Hailing out of Clearwater, Florida, The Time Framed is a trio unafraid to push themselves, the limits of rock ‘n’ roll, and the listener with bold adventure and hungry imagination in their experimental rock sound. Recently they released their new EP Chrono Dementia, a collection of tracks which fascinate as they escape predictability and expectations. We grabbed the band for a few moments to explore more the new release, the band itself, the inspiration of tarot cards and more….
Hello and thanks for taking time out to talk with us.
Can you first introduce the band and give us some background to how it all started and what brought you all together?
The Time Framed formed due to Jeremy wanting to put his catalog of songs to use. Britt and Jeremy met in a different project and moved into The Time Framed together as Britt was learning bass guitar as music therapy for domestic violence. We met Brandon through another member that joined earlier this year. He was standing in on drums since the current drummer was learning how to play (Jeremy has a habit of teaching people to play instruments to fit best with the music). The other members left for other projects and we loved Brandon so much, and he already felt like part of the family, that we wanted him to stay. He’s a musical genius and gets how we want the music to go, not to mention he thoughts in amazing ideas, he’s a perfect fit for us and the band feels solid now.
Have you been involved in other bands before? If so has that had any impact on what you are doing now, in maybe inspiring a change of style or direction?
Britt was in an indie rock project called Clarity in Chaos as a vocalist. Sadly, they never got a chance to play a show due to several line-up changes. Jeremy joined on as a drummer about 6 months before the final split and that’s about when Britt first started to pick up the bass. Despite the fact that he considers himself more of a guitar player than a drummer, this is the first group that Jeremy has played with as a guitarist. He’s previously played in Say It Ain’t So, a Tampa based Pop Punk act, and currently drums for an alternative band called Hexproof. Brandon has been in several projects like The Mark Anthony Band, Ariose and Stratojet, the latter two not making it out of the garage. I think being in other bands has pushed us towards going away from mainstream and trying to get out of the generic box as much as possible.
What inspired the band name?
The reason we came up with The Time Framed is because music is art that is expressed through time. It’s our intent as a group to be both the artist when creating a song, and part of a masterpiece when performing it. Time is both the medium and product. We haven’t changed names although there is a group of our friends who want us to drop the word “The” off and just be “Time Framed” but if you search us on YouTube, you’ll find that three letter word to be quite helpful.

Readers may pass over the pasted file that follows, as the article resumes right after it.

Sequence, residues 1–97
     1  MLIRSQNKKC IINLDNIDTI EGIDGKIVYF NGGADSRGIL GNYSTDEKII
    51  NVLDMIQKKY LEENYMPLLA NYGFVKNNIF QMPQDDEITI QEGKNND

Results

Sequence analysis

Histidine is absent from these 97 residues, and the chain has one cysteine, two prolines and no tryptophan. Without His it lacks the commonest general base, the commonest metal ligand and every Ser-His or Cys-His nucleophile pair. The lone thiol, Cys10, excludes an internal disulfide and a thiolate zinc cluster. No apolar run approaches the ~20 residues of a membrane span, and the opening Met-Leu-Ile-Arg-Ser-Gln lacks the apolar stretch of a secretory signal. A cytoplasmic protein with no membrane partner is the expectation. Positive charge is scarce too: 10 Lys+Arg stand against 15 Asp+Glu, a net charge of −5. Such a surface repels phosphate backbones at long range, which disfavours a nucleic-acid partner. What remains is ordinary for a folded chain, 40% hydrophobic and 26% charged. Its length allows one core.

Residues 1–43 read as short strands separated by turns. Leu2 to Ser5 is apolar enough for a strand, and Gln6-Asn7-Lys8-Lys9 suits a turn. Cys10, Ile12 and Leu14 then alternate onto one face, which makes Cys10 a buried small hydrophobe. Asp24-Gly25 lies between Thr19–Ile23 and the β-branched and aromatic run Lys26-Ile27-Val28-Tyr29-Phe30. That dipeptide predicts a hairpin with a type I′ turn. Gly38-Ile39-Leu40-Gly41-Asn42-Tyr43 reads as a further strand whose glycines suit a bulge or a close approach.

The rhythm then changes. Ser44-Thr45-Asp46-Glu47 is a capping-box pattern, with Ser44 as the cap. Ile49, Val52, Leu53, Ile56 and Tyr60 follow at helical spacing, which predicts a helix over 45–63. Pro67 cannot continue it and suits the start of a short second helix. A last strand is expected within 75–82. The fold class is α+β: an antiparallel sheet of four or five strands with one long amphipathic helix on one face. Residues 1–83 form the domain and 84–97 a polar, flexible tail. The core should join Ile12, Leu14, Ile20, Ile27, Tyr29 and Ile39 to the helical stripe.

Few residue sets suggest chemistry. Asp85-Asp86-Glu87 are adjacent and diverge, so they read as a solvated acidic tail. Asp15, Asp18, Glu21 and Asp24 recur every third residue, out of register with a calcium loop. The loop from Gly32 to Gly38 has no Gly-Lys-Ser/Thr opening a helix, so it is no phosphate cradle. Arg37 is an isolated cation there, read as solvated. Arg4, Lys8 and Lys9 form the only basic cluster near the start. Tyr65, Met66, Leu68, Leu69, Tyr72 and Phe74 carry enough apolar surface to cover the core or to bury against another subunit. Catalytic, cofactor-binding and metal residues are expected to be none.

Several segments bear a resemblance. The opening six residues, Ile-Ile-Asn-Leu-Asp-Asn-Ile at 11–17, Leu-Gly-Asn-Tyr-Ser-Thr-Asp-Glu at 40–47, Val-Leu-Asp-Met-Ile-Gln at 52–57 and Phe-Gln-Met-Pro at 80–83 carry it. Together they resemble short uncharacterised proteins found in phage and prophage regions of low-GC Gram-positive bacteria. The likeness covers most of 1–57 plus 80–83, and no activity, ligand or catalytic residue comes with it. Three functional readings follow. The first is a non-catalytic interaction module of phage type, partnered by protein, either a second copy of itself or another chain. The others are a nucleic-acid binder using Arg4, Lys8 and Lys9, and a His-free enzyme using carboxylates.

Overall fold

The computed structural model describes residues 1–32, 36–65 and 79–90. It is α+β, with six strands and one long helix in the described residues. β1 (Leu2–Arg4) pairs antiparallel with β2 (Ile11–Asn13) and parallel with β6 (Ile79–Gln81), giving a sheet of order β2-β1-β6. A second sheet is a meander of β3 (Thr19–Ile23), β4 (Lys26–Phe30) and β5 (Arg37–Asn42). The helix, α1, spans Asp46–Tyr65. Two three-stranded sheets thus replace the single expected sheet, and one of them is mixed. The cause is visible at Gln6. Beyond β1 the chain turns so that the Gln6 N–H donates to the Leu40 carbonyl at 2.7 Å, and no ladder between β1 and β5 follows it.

Was there any specific idea behind the forming of the band and also in what you wanted it and your sound to offer?
A lot of it just came from Jeremy wanting to put to use his catalog of songs he’d written over 15 years. Myself, Britt, and Brandon weren’t too interested in doing the “normal” sounding music, so we were drawn to doing music that pushed genre boundaries and stressed music theory. We’ve tended to take on the mantra that the weirder it sounds the better.
Do the same intentions still drive the band from when it was fresh-faced or have they evolved over time?
I would have to say it’s the same things. Our goal overall is to make music our careers. We don’t feel the need to be the most famous or anything like that; we just want to be able to have music as our career.
Since your early days, how would you say your sound has evolved?
Well, Jeremy has gotten a lot more pedals. We thrive on the idea of making the music sound strange, so with more pedals, we’re having a lot of fun making weird sounds and more of our songs are incorporating these weird sounds.
Always an organic movement of sound within the band or do you deliberately go out to try new things?
It was probably a more organic movement. We haven’t said definitively that we wanted to try something new. Again, with the addition of more guitar pedals, we wanted to incorporate the sounds into our songs, which in turn have a more experimental drive to them. So, with that in mind, we gradually get more and more experimental in sound.
Presumably across the band there is a wide range of inspirations; are there any in particular which have impacted not only on the band’s music but your personal approach and ideas to creating and playing music?
For me, personally, I’ve been really influenced by Tera Melos. I’m in awe with what they do with pedals and music theory that I keep pushing more songs that play with ideas like switching time signature and tempo multiple times. The guys are influenced by similar genres and have been on the same page when writing new music.
Is there a particular process to the songwriting within the band?